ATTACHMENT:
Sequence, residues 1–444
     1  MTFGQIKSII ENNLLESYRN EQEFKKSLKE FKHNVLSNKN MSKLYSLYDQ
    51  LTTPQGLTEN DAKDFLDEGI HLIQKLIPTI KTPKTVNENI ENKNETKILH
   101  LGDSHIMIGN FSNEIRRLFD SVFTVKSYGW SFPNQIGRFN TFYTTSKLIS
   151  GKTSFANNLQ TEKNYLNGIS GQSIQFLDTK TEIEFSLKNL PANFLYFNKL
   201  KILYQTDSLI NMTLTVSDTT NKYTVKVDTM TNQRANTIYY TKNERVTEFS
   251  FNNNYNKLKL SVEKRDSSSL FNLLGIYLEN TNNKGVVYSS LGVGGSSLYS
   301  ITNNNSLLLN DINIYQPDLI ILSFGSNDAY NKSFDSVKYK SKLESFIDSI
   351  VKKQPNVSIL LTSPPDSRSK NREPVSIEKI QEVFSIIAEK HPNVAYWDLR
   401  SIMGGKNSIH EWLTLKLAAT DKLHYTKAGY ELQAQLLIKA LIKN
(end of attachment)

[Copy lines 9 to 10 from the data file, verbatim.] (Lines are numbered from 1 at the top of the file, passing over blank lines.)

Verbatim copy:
   351  VKKQPNVSIL LTSPPDSRSK NREPVSIEKI QEVFSIIAEK HPNVAYWDLR
   401  SIMGGKNSIH EWLTLKLAAT DKLHYTKAGY ELQAQLLIKA LIKN